Emmanul Evzerikhin. The Last Session

04.02.2015 - 29.03 2015

The Lumiere Brothers Center for Photography is pleased to present an exhibition of one of the classics of soviet documentary photography – Emmanul Evzerikhin. “The Last Session” is a project about the last days before the war that nobody expected. It is a project about fragility of peace on earth and importance of its maintenance; it’s is a project about the last generation of kids who had spent their carefree childhood before World War II that left its traces not only on the generation that survived it but on all posterity as well. The exhibition features several series by Evzerikhin from the late 1930s – the last serene days when despite repressions soviet people were falling into all-embracing collectivism euphoria with belief in a better tomorrow and bright future. Photographs of the younger generation reflect the atmosphere of these years the best way.

Bugler, 1934

Emmanuil Evzerikhin belonged to the generation of professional photographers that had been formed in the 1930s – a crucial period of establishment of the medium of photography. These were days of invention of brand-new soviet aesthetics. Photographers were meant to take “decisive leap from blurred and boneless amateur photography to spirited and dynamic photojournalism”. As Evzerikhin himself wrote, “I was trying to peer into reality in search for the most distinctive characteristics and details of the new life”. Despite the fact that Evzerikhin is regarded as a pioneer of the new soviet photography one can find the old school approach of “bourgeois photography” in some of his work with its balanced traditional composition. Nevertheless Evzerikhin had been greatly influenced by the leftist Avant-garde photography and experiments with odd angles and sharp perspectives. His shots are not static compositions but a seized moment of constantly changing reality that extends beyond the frames.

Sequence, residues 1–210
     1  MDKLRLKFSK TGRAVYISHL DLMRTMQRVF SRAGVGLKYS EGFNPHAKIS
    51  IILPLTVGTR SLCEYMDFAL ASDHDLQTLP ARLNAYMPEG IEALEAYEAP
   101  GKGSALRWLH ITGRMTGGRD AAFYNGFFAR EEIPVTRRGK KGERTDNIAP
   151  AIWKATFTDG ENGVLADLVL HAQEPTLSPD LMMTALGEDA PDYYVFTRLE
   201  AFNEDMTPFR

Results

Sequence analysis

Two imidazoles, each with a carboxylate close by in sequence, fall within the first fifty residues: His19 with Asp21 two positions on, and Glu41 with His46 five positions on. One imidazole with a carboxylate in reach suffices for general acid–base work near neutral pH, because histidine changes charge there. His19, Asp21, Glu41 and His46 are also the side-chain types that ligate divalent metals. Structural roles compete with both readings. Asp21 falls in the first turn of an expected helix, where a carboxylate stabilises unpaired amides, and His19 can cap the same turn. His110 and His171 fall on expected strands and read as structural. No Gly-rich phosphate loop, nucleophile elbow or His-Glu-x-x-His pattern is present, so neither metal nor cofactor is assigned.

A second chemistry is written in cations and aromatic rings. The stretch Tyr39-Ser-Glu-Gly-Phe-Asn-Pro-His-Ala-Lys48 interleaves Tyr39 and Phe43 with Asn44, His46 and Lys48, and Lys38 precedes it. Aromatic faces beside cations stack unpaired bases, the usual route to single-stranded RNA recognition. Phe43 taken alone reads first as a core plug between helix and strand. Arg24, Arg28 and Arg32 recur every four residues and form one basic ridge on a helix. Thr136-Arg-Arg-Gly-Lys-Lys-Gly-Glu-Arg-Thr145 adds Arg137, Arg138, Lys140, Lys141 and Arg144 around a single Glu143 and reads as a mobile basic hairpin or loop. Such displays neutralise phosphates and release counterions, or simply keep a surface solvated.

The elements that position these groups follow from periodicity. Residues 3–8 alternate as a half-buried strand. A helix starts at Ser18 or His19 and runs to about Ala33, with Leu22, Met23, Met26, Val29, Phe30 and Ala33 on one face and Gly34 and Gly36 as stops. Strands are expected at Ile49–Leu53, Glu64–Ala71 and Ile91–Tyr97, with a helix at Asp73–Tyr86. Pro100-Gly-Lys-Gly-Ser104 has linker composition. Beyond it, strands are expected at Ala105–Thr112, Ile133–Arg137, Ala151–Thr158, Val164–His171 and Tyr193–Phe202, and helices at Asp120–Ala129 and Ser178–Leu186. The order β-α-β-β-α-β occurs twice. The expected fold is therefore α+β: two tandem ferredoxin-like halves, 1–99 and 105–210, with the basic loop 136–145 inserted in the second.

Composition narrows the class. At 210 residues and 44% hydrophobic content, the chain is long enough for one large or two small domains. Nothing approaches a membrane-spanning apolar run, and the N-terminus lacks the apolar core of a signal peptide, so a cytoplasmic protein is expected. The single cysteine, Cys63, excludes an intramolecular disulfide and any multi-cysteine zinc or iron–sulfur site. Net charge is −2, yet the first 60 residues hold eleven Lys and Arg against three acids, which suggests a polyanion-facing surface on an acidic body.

After joining “TASS Photo chronicle” Evzerikhin was commissioned to photograph at Kremlin, shooting top state officials at conferences and congresses. Nevertheless, Evzerikhin’s breadth was far wider that political reportage. His exposure captured everyday life of the soviet people including pioneer camps, schools and sport parades. The exhibition features his photographs from the series such as “First photographs taken with Leica”, “Kids”, “Forest school” and “Uritsky gymnasium”.

The Lumiere Brothers Center for Photography has been working with Evzerikhin’s legacy for many years. His second solo exhibition organized within the Lumiere Center’s long-term project - “Anthology of Russian Photography of XX century” – is dedicated to the 70th anniversary of the end of WWII.